When someone plagiarizes content that isn’t theirs, it’s wrong. When that person is a religious leader, who claims the moral high ground on “ethics” while routinely condemning others for their sins, it’s worse.
And that person is a religious leader in a denomination with an unfortunate racial history, and he’s plagiarized racially charged content, well, that’s just adding insult to injury (thanks to reader R.B. for the tip).
Southern Baptist leaders will investigate whether their top ethicist and public policy director plagiarized racially charged remarks about the Trayvon Martin case that many say set back the denomination’s efforts on racial reconciliation.
Richard Land, who leads the Ethics and Religious Liberty Commission for the Southern Baptist Convention, was accused of lifting remarks for his radio show that accused Democrats and civil rights leaders of exploiting the case of the unarmed Florida teenager who was shot and killed by a volunteer neighborhood watchman.
Even though Land has apologized for both the remarks and not attributing their source, the commission’s executive committee said it was obligated “to ensure no stone is left unturned.” An investigatory committee will “recommend appropriate action” to church leaders.
Jeffrey Kuhner, a right-wing columnist for the Washington Times recently wrote about civil-rights activists, “They need the Travyon Martins to continue perpetuating their central myth: America is a racist and an evil nation. For them it’s always Selma Alabama circa 1965.”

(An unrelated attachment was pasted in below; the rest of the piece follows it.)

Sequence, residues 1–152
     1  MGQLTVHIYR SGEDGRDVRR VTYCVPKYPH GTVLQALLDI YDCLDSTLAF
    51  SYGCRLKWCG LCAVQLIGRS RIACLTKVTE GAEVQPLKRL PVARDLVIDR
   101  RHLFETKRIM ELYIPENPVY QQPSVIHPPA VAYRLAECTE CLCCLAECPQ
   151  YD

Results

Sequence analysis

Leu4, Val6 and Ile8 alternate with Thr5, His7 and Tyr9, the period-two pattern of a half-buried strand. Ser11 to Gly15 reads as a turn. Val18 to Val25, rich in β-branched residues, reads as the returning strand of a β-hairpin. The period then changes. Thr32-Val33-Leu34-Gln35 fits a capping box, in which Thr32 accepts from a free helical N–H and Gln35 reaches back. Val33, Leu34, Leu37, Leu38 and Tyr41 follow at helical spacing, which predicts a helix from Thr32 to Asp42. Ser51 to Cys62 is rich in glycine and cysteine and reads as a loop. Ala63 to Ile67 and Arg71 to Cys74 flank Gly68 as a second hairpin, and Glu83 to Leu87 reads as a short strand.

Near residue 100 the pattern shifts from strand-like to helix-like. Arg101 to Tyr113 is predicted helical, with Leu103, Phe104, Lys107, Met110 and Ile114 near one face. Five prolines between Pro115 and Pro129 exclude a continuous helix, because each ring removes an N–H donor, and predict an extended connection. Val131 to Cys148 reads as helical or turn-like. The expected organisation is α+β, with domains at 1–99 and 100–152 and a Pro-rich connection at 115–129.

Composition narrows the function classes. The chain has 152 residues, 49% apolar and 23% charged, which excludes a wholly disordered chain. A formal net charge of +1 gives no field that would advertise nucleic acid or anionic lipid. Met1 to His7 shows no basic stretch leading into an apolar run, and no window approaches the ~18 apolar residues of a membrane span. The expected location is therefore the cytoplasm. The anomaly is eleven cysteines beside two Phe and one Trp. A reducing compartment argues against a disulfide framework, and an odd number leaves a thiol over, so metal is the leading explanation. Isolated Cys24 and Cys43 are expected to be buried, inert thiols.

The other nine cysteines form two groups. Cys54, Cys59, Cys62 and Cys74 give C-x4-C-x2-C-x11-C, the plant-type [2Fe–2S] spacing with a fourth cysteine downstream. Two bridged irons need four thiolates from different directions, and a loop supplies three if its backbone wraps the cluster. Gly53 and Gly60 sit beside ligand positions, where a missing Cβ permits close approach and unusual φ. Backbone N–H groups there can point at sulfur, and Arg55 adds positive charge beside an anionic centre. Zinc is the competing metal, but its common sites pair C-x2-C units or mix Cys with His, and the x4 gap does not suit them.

Richard Land, on his radio program, told listeners, “They need the Travyon Martins to continue perpetuating their central myth: America is a racist and an evil nation. For them it’s always Selma Alabama circa 1965.”
The sentiment itself is obviously offensive, and though Land apologized for presenting someone else’s words as his own, he didn’t express regret for his smear against civil-rights activists.
There’s also the historical context – Land helps lead the Southern Baptist Convention, which has not always played a positive role in the nation’s racial debates.
Religion News Service noted this report from Ed Stetzer, a Southern Baptist researcher, who wrote, “The Southern Baptist Convention still must earn a better reputation for racial inclusion and justice. As such, perhaps SBC denominational leaders are not the best persons to speak into racially charged situations, critiquing the actions of African Americans or African American leaders.”